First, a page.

Guess what I’ve been doing yesterday… correct! Fixing displays…
As you might remember from a previous post, I had two working displays and three that needed work.
Well, after a days work, I have three working displays, and components ordered to make that five (5) working displays!
I had three 4×2 digit display boards with faulty ZM modules. So after some soldering magic, I now have two more working 4×2 digit display boards and one with two (possibly three) faulty ZM modules. Luckily I found a fellow enthousiast who has a few Valvo ZM1550 modules to spare, so there should be four of them coming my way soon! YAY!
Three of the display driver boards were faulty. After some testing, I found one board with a faulty IC2 (4042) and two boards with a faulty BF422’s. From the two boards with the faulty BF422’s, I made one working one. With the BF422 transistors and the 4042 chip on order, the display driver boards should be ready.
Pinball life is good!
The mailman (actually a woman) had my new memory with her today! It took me all of 5 minutes to get the old 2114L out of the CPU board and the new 40L45 in. Popped Leon’s test EPROM back in and bingo, memory test passed!
After that I did the input checks and I’m happy to say that that passed as well. So now all I need are the 3081 driver chips and probably a BC548 transistor (TR3) and the CPU board should be fixed fixed!
So I assembled everything except for the sound board and switched the machine on. There was life… sort of.
I found the test button to be unresponsive, but when I put the CPU board in program mode using the dipswitch it did kind of start of normally. It was even able to kick the ball out of the out hole and the flippers, some bumpers and the poppers worked. But not much else. So the driver board needs work.
Also, only two of the five 4×2-digit displays were fully functional, so 3 of them to check and fix.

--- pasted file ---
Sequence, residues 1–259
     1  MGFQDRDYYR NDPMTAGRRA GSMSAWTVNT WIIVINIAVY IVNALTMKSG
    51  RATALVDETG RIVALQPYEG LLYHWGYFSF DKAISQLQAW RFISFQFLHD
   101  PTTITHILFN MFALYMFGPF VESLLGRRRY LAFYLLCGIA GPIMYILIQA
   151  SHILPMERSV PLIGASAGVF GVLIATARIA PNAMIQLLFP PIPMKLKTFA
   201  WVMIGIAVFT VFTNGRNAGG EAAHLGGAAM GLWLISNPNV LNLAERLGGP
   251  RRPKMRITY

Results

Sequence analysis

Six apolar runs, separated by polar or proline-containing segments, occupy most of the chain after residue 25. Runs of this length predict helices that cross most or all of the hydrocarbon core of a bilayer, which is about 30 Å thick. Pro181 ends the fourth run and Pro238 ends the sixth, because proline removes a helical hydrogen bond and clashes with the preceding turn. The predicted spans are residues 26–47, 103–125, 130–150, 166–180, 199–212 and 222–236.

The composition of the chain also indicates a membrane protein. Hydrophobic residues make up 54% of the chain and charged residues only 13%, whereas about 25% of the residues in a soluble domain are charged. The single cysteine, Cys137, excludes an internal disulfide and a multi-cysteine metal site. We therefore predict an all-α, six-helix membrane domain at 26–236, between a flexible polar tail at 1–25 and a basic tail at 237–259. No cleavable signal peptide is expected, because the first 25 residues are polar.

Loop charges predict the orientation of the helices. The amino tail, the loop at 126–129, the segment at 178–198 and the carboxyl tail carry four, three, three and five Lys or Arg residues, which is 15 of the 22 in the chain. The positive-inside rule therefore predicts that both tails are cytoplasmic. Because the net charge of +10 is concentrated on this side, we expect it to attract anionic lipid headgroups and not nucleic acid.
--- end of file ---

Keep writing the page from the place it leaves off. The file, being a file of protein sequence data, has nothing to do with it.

Still a lot of work ahead. To be continued…
Finally back from Sweden. There were quite a few packages waiting for me! Unfortunately, the TMS40L45 wasn’t one of them, so I couldn’t start work on the CPU board.
Or so I tought…
I started Leon’s test EPROM again and started testing all the outputs since I skipped over that test to find out if the memories where good. Well, I found two 3081 chips that are dead… that kind of explains why the LED on the soundboard always comes on when I attach it to the CPU board. So I’ve ordered a couple of those 3081’s and they should be here in a couple of days.
I also saw that all the signals on the CN14 connector for the displays were there, so I started fooling around with the idea of writing a little program to see if the displays still work. I guess I can’t wait for the CPU board to be fixed so I can use the built in tests. And it does keep me out of other trouble 😉
Anyway, I’m waiting for my EPROM to be erased to put the 3rd try on it. I have a good feeling this time… But then again, I had a good feeling every time.
If it works, I’ll let you know and post the program and some pictures.
Although I’m in Sweden this week and the next, I haven’t forgotten about my pinball machine…
I’ve been franticly searching the Internet looking for those elusive parts that I so dearly need to get the machine back to pristine condition and I think I’ve done it.
From the Multigame site (see the links section) I’ve ordered a rubber set, a new pinball, a doorlock and some more small parts, together with some cleaning materials.
David, from www.zaccaria-pinball.com has sold me a spare “H” target and a replica door sticker and they are on the way.
And then the two memory chips… The 6514J-0 was relatively easy to find. A search on ebay found three vendors in the US, so I ordered one and it’s on the way. The 2114L was an alltogether different story. No hits on ebay or anywhere else.
It was even hard to find the correct datasheets for this memory chip, but after going through dozens of datasheets, I finally found the correct one. I’ve put it up here in the datasheets section on the right, so you don’t have to go through that experience yourself.